Rao’s greeter Robert “Bubbles” Ubriaco was the host with the most. Most connections, best stories and a big appetite for life.
Friends of the big guy will gather Saturday at noon at St. Anne’s, 1901 S. Maryland Parkway, to celebrate a life well lived.
He died Feb. 10 at age 65, much too soon, but just as he predicted.
Pushing 400 pounds in recent years, “Bubbles” didn’t expect to last much longer.
Back in January 2010, we were seated next to each other in the main room, enjoying Rao’s pasta as ’60s tunes spilled out of the jukebox.
“Bring me some more marinara and I want my own cheese!” he reminded a waiter, who knew the drill.
“Bubbles” had a daily ritual. He would come into Rao’s and “test” a meatball. He would not share it.
“I was a Chippendale when I got here,” he would often say, “and now I’m a Clydesdale.”
Between forkfuls of angel hair pasta, he told me, “I’ve gained 70 pounds in three years working here. I could die tomorrow.”
Later, he fired up a cigar while recalling the future stars he hired during his days as a booking agent in New York City and owner of a comedy store. Among the comedians he booked: Joe Pesci, Ray Romano and many others.
A few days after “Bubbles” died, I called Kelly Traina, a former hostess at Rao’s who had moved to Las Vegas from California.
“He was like a dad to me,” she said. “My father died two months before I got here.”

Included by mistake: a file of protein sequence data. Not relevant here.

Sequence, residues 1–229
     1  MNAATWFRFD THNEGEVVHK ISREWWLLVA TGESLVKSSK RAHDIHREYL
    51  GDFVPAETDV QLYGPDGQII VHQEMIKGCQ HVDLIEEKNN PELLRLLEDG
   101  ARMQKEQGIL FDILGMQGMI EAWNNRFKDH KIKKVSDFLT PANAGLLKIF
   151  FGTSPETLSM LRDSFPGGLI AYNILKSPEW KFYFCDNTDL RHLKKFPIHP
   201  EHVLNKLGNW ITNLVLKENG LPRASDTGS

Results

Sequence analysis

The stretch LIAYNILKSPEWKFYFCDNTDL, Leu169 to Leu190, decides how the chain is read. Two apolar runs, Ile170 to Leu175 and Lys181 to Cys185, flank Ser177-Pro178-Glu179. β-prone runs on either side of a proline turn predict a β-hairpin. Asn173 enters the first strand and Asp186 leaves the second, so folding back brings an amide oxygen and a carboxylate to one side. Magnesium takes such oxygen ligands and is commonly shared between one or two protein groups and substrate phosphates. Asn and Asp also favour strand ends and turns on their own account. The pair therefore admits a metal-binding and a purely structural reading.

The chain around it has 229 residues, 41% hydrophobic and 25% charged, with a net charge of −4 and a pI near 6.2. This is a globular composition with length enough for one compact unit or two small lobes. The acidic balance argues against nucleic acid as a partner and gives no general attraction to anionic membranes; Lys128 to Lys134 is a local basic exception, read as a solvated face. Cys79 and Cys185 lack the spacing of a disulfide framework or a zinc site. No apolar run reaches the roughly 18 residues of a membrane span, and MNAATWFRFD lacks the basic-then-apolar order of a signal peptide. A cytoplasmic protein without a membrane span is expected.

Her part-time job at the popular Caesars Palace eatery became her safety net. But she took another part-time job to pay the bills.
Ubriaco kept encouraging Traina. “He’d say, ‘Go for it. I’ll fix it up.’
“And he kept saying ‘hurry up and get married. I want to walk you down the aisle.’ “
The day he died, she was at his side with other Rao’s co-workers. A few hours later, when she arrived at her part-time job on the concierge desk at The Cosmopolitan, she was called into an office.
“I was told I was going full-time,” said Traina, who was scouting for a wedding venue the day I called her.
He knew everyone, she said, “and he introduced me to everyone I know; people that it would have taken me 20 years to know. He opened the whole world up for me.
“He was so good to me,” said Traina, 35, who is getting married next year.
THE SCENE AND HEARD
A lot of you baseball fans out there caught my Don Larsen typo in Wednesday’s column, including Summerlin View columnist Herb Jaffe, who would definitely know. A former sportswriter with the Newark Star-Ledger in his early years, Jaffe, who moved here in 1995, said he was the first print reporter to interview Larsen after his perfect game on Oct. 8, 1956. I had the wrong year.
NASCAR star Tony Stewart, drawing a mob of fans at the MGM Grand valet area on Wednesday, while taking an Elvis impersonator, illusionist David Copperfield and unsuspecting fans on faux cab rides in one of his No. 14 race cars. Steffi Graf, taking in Maureen Peckman’s speech at the United Way of Southern Nevada’s Women’s Leadership Council luncheon at Caesars Palace on Wednesday. Peckman is an executive with Cleveland Clinic Nevada Former UFC champion Brock Lesnar, at Todd English P.U.B. (CityCenter) with his wife, Rena, aka Sable, a pro wrestling icon. NASCAR drivers Brad Keselowski and Stewart, taking in the Blue Man Group (Venetian) on Tuesday. Stewart was seen dining at Tao Asian Bistro.
THE PUNCH LINE
“Gadhafi said his people ‘love him.’ I think that’s what he said. It was hard to hear over the rebel gunfire.” — David Letterman
Norm Clarke can be reached at (702) 383-0244 or email@example.com. Find additional sightings and more online at www.normclarke.com.